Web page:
“Heaven is lying at Buddy Guy’s feet while listening to him play guitar.” — Jimi Hendrix
I’m going to begin this review with a story of my own. It’s directly related, so bear with me. In June of 2004, I attended Eric Clapton’s Crossroads Guitar Festival at the Cotton Bowl at Fair Park in Dallas, TX. I consider this the day I got my best education in the blues. I’d grown up listening to blues, jazz, rock, country, folk, and just about everything else in my life. Growing up in the country, the radio was my lifeline. Music was in my blood, always has been. But somehow, impossible as this seems to me now, I’d missed the name Buddy Guy. On one of the three stages kept in constant rotation (meaning one setup was being torn down and one was being put into position while the third was in use), B. B. King was slated to play for a mere 10 minutes. It’s not that he didn’t deserve more — of course he did. The moment his attendant put Lucille in his hands, the crowd gave him a standing ovation. He was in poor health, and his doctors told him not to overdo it. But he got out there, and he was having so much fun, his health improved right before our very eyes. And knowing it would jack with the packed schedule of the all-day event, he asked the audience both for forgiveness and for 10 more minutes. Those 10 minutes were again renewed with wild enthusiasm, ultimately stretching to an hour. During that time, King had been joined on stage in an impromptu jam session that included Eric Clapton, Jimmie Vaughan, Buddy Guy, and John Mayer. It was as though the gods had stepped down from Olympus. King proudly declared this jam to be the highlight of his career and thanked the audience once more for indulging him before making his exit. While the audience was still roaring, but after enough time had passed to offer due respect, Buddy Guy busted into a lick so funky you could smell it. Clapton, Vaughan, and Mayer all stopped dead in their tracks, giving the elder bluesman his moment to shine. And there was an acknowledgement there. It’s not that Guy wanted the spotlight so much as he simply believed the show had to go on, and he wanted to play with the man on stage who, at that point in his career, was just picking up the baton for the new generation: John Mayer. The stadium went dead silent while emotions I can’t even begin to describe grabbed my nerves. Guy looked over at Mayer, that silent invite that says, “Let’s see what you can really do.” Mayer hesitated briefly, but after a big smile from Guy, he took the cue, and the two went back and forth in a blues duet the likes of which I’ve not seen nor heard, before or since. It was the stuff of legend, as they say: the kind of things you tell your grandkids about, and they tell you you’re lying. Clapton and Vaughan slowly backed away in respect. At the end of that session, Mayer laid his guitar at Buddy Guy’s feet and walked off the stage in deference. Guy, humbled, choked back with some indignation, muttering something about how he didn’t deserve that.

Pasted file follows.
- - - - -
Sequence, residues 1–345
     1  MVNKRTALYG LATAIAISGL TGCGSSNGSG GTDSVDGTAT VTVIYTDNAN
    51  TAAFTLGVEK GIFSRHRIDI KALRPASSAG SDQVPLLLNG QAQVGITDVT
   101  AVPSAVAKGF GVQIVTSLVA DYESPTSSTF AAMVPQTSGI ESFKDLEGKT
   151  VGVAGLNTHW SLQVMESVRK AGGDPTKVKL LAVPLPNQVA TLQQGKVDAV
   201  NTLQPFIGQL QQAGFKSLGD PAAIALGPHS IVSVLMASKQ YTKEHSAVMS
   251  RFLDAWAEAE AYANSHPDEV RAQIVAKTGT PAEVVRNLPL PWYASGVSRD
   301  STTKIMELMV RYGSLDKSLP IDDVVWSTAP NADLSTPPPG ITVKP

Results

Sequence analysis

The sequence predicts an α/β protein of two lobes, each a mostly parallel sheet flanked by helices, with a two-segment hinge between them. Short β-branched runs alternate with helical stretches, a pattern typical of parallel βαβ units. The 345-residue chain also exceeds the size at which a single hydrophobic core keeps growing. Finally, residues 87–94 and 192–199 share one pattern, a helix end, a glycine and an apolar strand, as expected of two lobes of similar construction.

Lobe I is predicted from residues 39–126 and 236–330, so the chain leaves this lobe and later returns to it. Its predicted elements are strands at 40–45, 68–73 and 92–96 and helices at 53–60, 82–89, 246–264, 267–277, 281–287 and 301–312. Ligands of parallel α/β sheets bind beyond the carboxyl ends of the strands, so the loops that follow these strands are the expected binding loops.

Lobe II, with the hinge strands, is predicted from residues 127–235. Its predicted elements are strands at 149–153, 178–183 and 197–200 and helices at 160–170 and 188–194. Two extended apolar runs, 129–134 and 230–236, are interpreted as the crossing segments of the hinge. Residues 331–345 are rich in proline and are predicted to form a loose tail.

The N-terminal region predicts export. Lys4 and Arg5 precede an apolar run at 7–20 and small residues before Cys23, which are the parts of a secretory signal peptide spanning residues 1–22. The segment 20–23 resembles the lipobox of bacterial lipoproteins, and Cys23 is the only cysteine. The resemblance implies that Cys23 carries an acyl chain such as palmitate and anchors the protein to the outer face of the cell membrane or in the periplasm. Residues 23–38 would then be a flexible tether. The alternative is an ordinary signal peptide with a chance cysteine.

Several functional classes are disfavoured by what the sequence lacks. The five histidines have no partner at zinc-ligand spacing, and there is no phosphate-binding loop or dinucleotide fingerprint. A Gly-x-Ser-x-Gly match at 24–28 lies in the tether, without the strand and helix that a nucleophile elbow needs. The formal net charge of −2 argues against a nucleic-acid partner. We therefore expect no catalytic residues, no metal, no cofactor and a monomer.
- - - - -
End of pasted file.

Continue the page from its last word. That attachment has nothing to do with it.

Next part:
Thing is, he did deserve it. He earned it and more besides over a lifetime of dues and a dedication to the sound that had liberated his soul. You could feel it that day. That was how I discovered Buddy Guy. That was the day I learned to truly appreciate the blues. At the time, I felt cheated that I’d not discovered him before, but as introductions go, I was more than grateful for this one. Not only did I never forget that lesson, I was able to apply it to every piece of music I listened to from that point on, kicking all of my appreciations up yet another notch. The more I applied it, the more the blues grew. I appreciated the honesty of it, its directness. The blues don’t lie. And as Buddy Guy himself says in the preface of this book: